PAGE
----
Another project that sprung up last summer is the Stevens Green Community Garden in Rockland. Even though the low-income housing project had rules that governed what could be planted there — only plants in small containers — residents who had caught the gardening bug persevered and started to put seedlings into the ground. It turned out that Community Housing of Maine, which owns the housing project, was in favor, according to Dan Keltonic, the property manager.

“They were very much in support of it,” he said.

So residents really started digging in. They tore up old rose beds and turned it into a productive vegetable patch, according to Keltonic, and easily a third of the community spent time working on it. Between 50 and 100 people live in the project’s 26 apartments, he said.

“With a garden, you’re going to put seeds in the ground and plants are going to come up,” he said. “But the neighbors, you didn’t really know who would interact. There were a lot of good things that came from it.”

In Orono, the community garden is located behind the Birch Street Senior Center, with an additional third of an acre plot at Rogers Farm in Old Town, the University of Maine’s research farm. Over the growing season, Jemison and the garden volunteers deliver vegetables to about 60 low-income seniors from late June through September. They grow vegetables including lettuce, garlic, onions, red and striped beets, beet greens, tomatoes, carrots, cabbage and much more, and provided the seniors with recipes and a caring, listening ear. Jemison said he has learned that the recipients feel fairly food secure and don’t worry about where their next meal will come from. They don’t rely on the bags of vegetables that are delivered to their homes. But they like it, he said.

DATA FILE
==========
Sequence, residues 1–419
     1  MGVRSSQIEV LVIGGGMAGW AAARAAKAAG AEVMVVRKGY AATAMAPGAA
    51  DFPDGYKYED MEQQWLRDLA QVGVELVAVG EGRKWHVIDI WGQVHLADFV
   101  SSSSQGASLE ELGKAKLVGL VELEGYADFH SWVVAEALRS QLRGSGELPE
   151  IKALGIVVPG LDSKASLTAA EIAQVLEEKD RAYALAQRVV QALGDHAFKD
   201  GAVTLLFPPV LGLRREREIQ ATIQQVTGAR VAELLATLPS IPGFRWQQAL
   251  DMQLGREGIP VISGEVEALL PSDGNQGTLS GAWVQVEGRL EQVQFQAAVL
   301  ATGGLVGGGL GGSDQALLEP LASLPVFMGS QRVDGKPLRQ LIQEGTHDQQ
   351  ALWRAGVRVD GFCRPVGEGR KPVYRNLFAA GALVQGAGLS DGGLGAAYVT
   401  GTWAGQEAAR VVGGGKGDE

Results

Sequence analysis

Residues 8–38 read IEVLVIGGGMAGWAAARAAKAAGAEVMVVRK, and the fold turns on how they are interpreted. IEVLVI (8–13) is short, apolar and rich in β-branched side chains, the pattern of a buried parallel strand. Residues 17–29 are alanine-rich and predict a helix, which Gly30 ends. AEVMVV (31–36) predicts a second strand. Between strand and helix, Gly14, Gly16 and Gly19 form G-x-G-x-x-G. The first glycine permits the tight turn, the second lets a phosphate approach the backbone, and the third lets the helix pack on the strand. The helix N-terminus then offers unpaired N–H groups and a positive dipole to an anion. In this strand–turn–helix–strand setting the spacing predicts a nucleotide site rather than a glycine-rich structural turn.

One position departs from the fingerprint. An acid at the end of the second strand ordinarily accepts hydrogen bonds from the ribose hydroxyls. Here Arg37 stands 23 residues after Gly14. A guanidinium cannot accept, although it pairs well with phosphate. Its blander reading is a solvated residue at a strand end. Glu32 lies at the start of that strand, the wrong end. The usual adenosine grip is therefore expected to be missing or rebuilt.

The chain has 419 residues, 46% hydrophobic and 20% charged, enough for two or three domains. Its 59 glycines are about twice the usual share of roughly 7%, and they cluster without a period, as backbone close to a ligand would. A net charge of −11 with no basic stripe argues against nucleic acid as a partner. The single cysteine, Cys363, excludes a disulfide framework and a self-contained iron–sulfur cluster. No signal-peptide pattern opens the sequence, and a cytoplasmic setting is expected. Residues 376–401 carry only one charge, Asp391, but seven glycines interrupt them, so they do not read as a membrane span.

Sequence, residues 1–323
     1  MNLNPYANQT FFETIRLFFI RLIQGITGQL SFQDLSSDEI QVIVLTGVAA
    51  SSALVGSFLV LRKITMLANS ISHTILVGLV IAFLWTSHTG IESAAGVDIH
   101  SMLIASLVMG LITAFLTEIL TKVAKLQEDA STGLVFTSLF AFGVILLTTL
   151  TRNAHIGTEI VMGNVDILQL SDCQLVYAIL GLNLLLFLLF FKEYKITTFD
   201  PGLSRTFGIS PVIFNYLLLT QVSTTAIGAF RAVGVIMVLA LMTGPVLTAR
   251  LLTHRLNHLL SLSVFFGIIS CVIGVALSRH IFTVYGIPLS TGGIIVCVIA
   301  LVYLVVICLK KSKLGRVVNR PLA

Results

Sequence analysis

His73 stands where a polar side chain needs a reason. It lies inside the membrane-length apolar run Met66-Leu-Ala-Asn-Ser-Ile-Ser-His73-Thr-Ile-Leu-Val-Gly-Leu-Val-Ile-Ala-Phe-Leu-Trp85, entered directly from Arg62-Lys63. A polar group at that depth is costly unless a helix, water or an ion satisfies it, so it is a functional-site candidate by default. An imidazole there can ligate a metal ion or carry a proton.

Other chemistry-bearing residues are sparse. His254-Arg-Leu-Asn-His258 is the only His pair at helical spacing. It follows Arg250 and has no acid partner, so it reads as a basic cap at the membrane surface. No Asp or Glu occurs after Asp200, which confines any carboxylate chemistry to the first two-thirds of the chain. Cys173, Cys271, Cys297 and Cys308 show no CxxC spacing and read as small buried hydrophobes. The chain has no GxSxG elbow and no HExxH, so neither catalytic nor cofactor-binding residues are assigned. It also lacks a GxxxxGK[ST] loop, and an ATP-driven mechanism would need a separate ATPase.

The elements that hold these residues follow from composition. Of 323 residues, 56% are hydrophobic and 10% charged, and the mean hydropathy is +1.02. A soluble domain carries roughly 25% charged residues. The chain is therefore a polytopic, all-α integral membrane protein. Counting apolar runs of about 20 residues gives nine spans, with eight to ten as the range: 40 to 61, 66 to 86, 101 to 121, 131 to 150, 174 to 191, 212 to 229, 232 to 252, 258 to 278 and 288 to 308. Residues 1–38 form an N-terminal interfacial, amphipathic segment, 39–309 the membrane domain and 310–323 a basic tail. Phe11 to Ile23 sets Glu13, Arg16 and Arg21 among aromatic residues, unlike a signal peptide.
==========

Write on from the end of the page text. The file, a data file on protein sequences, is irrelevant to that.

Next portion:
“They enjoy our coming by,” he said. “They’re happy to see us.”

Over the years, Jemison has seen volunteers and vegetable recipients come and go. Some seniors have moved away after they can no longer live in independent housing, and some have gone even further.

“I’ve been to some funerals,” he said.

Jemison is getting older, too. He’s always on the lookout for more volunteers to help with the garden project and talks about being less physically able to do the hard gardening work than he was 14 years ago. He anticipates one day handing the baton of the community garden to the next person who will take it on. But that day isn’t here just yet.

“I want to keep doing it as long as I can,” he said. “Of all my extension projects I’ve had through the years, this has just been the most meaningful.”